That’d be me, if I were a superhero. No ridiculous tights and cape, no backstory or idiosyncrasy, no gadgets–certainly no mask–just a manual typewriter, and the task of writing a letter. Appalling though my penmanship is, still, I am a good letter writer because I take it seriously–I would, after all, be mailing my whole self off to someone. You’d get a dense and lengthy letter from me if we were writing one another: newsy, inquisitive, self-deprecating, full of jokes and cartoons, the occasional poem–sometimes even original music. Chords. But I don’t write them anymore; neither, sadly, does anyone else. And if I told someone I was a letter man, rather than correctly attributing this to my being old school, I’d likely be asked–”In what sport?” Social media and a culture of instant gratification have injected a quaintness into the exchange of letters–that is, of course, if they have not made it absolutely obsolete.

Everyone well knows this. Is it any wonder that the United States Postal Service is slowly failing? Ask yourself: When was the last time you received a personal letter? Can you even remember? And which would you prefer–that, or any version of email via social media on a phone or computer? I, of course, hold with paper–precisely because you can hold it. And you can keep it. I have kept some letters for more than 30 years now, a few still folded in their envelopes. These artifacts resurrect not only their authors, but time and place both. They are tangible and, holding them, I can journey back to their origins. Try that with an email. Even if you printed and retained them, holding emails is an entirely different species of experience. I know this because my wife saved a whole binder of them from the time we lived in Cabo San Lucas, and these I read through about ten years ago. In my hands they were similarly dry and lifeless as leaves that have turned with autumn.

Alas–this digital age!

Yet it would be disingenuous not to mention any enjoyment of its benefits. Indeed, I just posted on Facebook a picture my mother emailed to me: My sister, father and nephew in Berkeley’s Memorial Stadium yesterday savoring the Bears’ 59-56 double-overtime victory over Colorado. This is undeniably fantastic, as are many of today’s instantly disseminated photographs. There are limits, however. Heart-warming as pets may be, I nevertheless easily tire of seeing snapshots of their various naps and hijinks. Rare is the image than can capture a pet’s essence–so a barrage of these is more of a disservice than anything else. Worse, though, is the onslaught of plated meals. Unless it’s abalone–in which case I’d be insanely jealous and would, in particular, not be desirous of seeing your dinner pictured–I could not possibly ever care what the waiter brought you. Call me incurious; hell, call me cantankerous. I want to see pictures of people–friends and loved-ones. But even this has its limitation. This, you can call the ubiquitous selfie. Enough already! Does nobody remember the idiom, “Familiarity breeds contempt?”

This is, in part, why–weirdly–I find it difficult sometimes to be Facebook friends with a number of my oldest and closest real life friends. It also explains how I can be good Facebook friends with mere acquaintances, some of whom I have never even met. These intolerable selfies, whose nickname entirely captures the self-absorption behind them, stand in stark contrast to the whole-self gift of the letter writer. A selfie requires no more than a thoughtless second; writing a good letter, on the other hand, might take several days.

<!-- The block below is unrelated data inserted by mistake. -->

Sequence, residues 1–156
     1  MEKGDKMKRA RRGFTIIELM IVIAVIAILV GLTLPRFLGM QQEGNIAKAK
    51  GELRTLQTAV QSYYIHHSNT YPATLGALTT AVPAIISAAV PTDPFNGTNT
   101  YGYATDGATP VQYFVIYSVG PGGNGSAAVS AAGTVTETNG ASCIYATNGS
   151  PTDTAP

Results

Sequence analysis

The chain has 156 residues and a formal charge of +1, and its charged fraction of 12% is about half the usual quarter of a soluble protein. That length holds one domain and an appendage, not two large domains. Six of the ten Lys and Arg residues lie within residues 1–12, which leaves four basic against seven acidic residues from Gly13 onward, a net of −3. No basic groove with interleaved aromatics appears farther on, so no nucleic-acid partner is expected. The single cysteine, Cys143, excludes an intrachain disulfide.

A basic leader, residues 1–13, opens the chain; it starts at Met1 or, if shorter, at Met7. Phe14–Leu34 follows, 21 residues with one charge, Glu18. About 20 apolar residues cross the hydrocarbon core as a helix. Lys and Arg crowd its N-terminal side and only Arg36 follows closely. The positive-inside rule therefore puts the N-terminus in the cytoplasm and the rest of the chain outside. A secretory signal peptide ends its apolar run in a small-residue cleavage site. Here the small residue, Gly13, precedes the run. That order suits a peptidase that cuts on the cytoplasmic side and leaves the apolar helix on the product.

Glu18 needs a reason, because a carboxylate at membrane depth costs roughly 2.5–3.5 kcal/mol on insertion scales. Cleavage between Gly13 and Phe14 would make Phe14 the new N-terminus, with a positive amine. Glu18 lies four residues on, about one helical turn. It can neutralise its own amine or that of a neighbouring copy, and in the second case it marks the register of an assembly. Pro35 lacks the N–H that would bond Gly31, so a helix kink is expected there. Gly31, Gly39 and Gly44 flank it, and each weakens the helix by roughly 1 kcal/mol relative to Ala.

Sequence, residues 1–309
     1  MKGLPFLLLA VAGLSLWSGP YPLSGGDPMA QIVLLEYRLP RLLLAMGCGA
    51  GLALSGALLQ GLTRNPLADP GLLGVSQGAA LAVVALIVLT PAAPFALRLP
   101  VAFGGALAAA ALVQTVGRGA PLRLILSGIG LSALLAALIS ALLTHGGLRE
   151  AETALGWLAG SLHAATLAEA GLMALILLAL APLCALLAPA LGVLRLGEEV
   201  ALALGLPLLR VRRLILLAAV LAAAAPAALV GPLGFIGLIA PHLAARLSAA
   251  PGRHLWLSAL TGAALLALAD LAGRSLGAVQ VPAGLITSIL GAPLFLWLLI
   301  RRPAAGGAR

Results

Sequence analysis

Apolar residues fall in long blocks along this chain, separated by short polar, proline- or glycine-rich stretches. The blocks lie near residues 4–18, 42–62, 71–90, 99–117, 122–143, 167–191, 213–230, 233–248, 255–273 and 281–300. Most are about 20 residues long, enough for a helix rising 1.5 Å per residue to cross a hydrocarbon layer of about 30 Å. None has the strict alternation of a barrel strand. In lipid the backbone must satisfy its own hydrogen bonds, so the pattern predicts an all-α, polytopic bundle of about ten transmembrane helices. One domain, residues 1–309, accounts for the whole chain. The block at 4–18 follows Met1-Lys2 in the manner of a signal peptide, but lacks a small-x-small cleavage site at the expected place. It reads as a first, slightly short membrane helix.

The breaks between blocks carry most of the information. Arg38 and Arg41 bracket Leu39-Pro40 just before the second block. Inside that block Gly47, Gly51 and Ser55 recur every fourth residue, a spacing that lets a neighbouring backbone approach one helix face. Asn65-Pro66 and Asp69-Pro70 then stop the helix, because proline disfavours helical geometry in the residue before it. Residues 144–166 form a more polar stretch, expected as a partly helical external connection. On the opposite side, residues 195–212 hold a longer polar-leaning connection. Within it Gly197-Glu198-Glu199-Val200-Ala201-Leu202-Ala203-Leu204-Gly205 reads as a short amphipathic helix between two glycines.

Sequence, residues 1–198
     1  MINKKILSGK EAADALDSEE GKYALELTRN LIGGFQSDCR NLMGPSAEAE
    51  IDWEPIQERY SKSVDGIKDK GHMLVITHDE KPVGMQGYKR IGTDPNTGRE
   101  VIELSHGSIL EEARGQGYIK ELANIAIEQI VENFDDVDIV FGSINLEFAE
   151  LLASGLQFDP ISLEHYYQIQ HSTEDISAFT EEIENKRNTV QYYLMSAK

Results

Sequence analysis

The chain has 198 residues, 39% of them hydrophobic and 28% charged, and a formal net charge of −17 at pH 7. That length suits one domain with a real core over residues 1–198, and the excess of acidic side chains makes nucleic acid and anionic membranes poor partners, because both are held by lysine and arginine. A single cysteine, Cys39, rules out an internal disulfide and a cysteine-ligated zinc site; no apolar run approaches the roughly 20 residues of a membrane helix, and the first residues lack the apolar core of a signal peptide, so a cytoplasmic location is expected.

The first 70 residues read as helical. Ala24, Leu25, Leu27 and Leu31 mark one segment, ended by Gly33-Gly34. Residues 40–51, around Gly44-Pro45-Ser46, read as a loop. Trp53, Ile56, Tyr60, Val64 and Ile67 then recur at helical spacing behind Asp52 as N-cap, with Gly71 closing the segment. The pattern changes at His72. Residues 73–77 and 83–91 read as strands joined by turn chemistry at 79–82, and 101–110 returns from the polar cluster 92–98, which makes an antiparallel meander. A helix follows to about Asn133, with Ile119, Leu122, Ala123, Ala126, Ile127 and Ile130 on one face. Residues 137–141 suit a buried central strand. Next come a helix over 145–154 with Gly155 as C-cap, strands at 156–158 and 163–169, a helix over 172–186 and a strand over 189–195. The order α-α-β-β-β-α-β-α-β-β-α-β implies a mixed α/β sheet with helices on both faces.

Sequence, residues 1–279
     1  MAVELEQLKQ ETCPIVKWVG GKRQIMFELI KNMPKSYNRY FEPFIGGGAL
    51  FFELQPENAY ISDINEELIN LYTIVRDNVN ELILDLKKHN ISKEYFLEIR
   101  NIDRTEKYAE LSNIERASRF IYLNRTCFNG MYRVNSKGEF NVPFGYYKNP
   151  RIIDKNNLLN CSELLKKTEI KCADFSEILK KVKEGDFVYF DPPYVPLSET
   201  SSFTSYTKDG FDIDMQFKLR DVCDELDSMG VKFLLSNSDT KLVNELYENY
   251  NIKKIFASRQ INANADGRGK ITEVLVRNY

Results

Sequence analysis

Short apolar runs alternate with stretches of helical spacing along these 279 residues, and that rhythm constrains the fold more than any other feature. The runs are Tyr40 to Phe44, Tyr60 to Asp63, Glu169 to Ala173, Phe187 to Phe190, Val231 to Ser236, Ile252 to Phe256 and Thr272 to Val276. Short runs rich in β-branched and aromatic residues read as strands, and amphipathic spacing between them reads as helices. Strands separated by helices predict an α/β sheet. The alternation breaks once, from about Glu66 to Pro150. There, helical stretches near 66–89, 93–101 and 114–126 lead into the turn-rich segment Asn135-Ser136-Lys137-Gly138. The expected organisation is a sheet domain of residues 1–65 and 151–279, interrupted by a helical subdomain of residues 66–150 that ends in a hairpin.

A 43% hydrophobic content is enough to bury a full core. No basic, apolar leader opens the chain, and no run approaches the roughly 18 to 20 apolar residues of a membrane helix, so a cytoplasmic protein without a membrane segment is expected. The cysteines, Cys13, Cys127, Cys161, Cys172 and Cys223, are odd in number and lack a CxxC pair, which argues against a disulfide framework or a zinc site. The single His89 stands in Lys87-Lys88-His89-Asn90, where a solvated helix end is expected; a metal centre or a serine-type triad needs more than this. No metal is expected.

But here’s a disclaimer for you: Even I have taken such a self-portrait. Once, in 1987, and with a camera that contained–ready?–film. This was no arm’s-length attempt. Rather–using the camera’s timer and a banked reflection off two full-length mirrors–I was simply curious if I could accomplish the shot. So: There exists a single printed copy of myself ostensibly talking on the telephone with Cal’s Sproul Hall to schedule fall classes 27 years ago.

So much is different now, though much remains unchanged. While technology has made communication vast and instant–it is now not uncommon to speak simultaneously with two different friends so far afield, say, as France and San Francisco–still, unsurpassed is the thrill of holding a letter from someone you hold dear.

A close second is the joy of reading the collected letters of some imposing personage of yesteryear. Always revealing, these consistently prove to be more insightful than any biography. For context and innumerable tiny detail, personal letters are a gold mine. Want to know more about–I don’t know–Ernest Hemingway? Read his collected letters. Can you imagine there will ever exist the collected emails of anyone alive now? We’ll only be left with a collage of selfies.

I do my best, every two weeks, to buck this hideous trend–which is why this column isn’t always a commentary on the newsworthy or a spate of opinion. I do my best, every two weeks, to write a letter–of sorts–to the reading public. I have given you news, been self-deprecating, jokesy, and the occasional poem has appeared here. Let’s just agree to leave cartoons and original music for later, maybe in a real letter.

Use your voice

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